Sandy and I take turns in posting challenges.  Keep notified of new themes by following both our blog’s at  Something to Ponder About  and  The Sandy Chronicles

How to join the Friendly Friday Challenge

  • Write a post titled ‘Friendly Friday – ‘Mountain Top’ and add a tag: ‘Friendly Friday’
  • Include a link to this Friendly Friendly Challenge within your own post.
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The Benefits of Joining Blog Challenges

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Are you joining in with this theme?

Where is your favourite Mountain Top?

How do you feel when you reach the summit? This motorcyclist loves the countryside too.

Blog challenge Friday

54 thoughts on “Friendly Friday Blog Challenge – Mountain Top”

    1. I feel very privileged to see Nepal back then Laurie, especially considering it has altered so much in terms of environmental, political and social changes since then. We saw in a way, an almost pristine version of third world Nepalese life, an insight into life without modern societal pressures. It was in that perspective, one could be amazed by the staggering natural beauty and the simple joy of living and travelling. There was no busloads of tourists, no guides with little flags coralling groups, it was just us, the driver, our guide who we got to know personally and the odd trekking traveller. It was marvellous.

      Liked by 2 people

  1. What a great journey Amanda. I enjoyed reading this and I think your pictures are perfect, they have a very nostalgic feel. Was this from one of your travel journals? I can hardly remember anything from 1988, much less with the level of detail you capture here.

    Liked by 2 people

    1. The post’s photos are from the pre-digital age, Sandy. Stuck in those awful adhesive photo albums. Some photos were so stuck, I couldn’t remove the plastic and have a reflection. I guess it does give them that feeling of old world. That makes me feel old, thinking that the 80’s is old world!! Lol.
      Sandy you are smart, I referred to my travel journal when writing this post, but only for checking place names and finer details. This was my first trip overseas and as such I observed everything very carefully. My eyes were like a thirsty animal finding water in the desert. I remember more of this trip than some others that came later. It was so very different, and pretty mind blowing for me to get to travel there so that could also account for it. We were in culture shock for a few days, not realizing what it was going to be like. It was no Alby Mangels or Trekking Adventures – it was all pretty safe and managed, but for me, far different to anything I had done previously, being a fairly conservative traveller and not an outdoorsy type! Perhaps that is why it is indelibly imprinted in my memory?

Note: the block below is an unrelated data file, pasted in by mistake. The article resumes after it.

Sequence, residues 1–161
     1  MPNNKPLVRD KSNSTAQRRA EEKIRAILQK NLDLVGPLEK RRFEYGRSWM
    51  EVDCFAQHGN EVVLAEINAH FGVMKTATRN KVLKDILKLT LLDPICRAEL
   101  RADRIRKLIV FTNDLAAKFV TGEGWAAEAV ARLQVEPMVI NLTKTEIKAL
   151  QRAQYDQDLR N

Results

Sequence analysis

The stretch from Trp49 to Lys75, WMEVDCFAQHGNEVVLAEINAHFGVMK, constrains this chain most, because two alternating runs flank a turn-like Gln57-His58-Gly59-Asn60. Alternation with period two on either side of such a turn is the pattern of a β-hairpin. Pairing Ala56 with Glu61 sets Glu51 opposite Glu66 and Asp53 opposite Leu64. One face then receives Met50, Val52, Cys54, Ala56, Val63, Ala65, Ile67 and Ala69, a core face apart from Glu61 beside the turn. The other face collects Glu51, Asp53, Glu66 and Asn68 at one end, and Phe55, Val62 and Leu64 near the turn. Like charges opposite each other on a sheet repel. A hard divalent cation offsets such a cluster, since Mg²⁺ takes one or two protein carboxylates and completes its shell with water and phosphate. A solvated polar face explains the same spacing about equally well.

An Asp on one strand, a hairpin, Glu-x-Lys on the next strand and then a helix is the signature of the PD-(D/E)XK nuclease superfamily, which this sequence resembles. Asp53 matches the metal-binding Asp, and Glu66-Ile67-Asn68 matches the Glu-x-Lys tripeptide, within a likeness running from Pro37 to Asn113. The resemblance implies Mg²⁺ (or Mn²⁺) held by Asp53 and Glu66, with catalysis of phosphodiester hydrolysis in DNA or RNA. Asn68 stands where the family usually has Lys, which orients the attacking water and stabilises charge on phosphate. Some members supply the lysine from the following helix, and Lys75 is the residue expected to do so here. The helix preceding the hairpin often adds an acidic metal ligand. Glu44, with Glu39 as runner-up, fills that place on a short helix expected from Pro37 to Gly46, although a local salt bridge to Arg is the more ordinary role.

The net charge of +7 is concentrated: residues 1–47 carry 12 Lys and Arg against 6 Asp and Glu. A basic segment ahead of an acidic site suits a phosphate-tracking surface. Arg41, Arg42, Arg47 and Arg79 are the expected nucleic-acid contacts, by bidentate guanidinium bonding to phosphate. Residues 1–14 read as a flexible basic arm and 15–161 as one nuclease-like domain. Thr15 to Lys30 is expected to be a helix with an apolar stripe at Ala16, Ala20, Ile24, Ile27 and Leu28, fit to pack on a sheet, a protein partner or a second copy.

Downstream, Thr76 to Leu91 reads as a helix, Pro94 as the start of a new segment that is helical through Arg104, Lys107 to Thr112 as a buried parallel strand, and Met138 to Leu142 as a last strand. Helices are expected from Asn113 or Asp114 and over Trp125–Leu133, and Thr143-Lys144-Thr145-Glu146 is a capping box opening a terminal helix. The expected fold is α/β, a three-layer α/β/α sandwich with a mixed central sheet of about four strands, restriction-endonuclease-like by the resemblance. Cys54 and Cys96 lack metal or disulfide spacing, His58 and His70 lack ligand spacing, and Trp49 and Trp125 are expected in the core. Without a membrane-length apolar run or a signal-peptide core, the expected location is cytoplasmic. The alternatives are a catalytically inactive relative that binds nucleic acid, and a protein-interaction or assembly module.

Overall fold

Liked by 1 person

      1. Wow, your first trip overseas and you go to Nepal! On my first trip overseas, I went shopping in Miami, Florida. I remember giant lollipops, chocolate covered pretzels and my cousin losing of all her holiday money to pickpockets 🙂

        Great Friendly Friday Challenge. It’s going to be interesting to see what folks submit.

        Liked by 1 person

        1. Yes to Nepal, via Singapore and Bangkok and then back to Pattaya beach. I remember taking a whole lot of bottled water in our luggage from Singapore. Apparently some vendors would refill the water bottles for sale in some parts!
          I think I may have baulked at going if I had known what it was like there. But an Aunt had spoken so enthusiastically I was really keen. And I am ever so glad I went there then, when it was safe. I understand there has been a curfew there for many years due to civil unrest. It was peaceful and safe when I was there.

          Liked by 1 person

      1. I know (no competition). But seeing your photos and reading your text about Nepal just created a longing in me. I’ve spent many times in the Alps but didn’t take photos, at least not with a decent camera and around here … BTW: The 1000 foot threshold is from the movie “The Englishman who went up a hill but came down a mountain” with Hugh Grant. I don’t know if it is really a thing.


        1. I do understand about the longing. The threshold appears true according to
          Many geographers state that a mountain is greater than 300 metres (1,000 feet) above sea level. Other definitions, such as the one in the Oxford English Dictionarhy put the hill limit at twice that. Still others make distinctions about the degree of slope (including two degrees or five “

          Liked by 1 person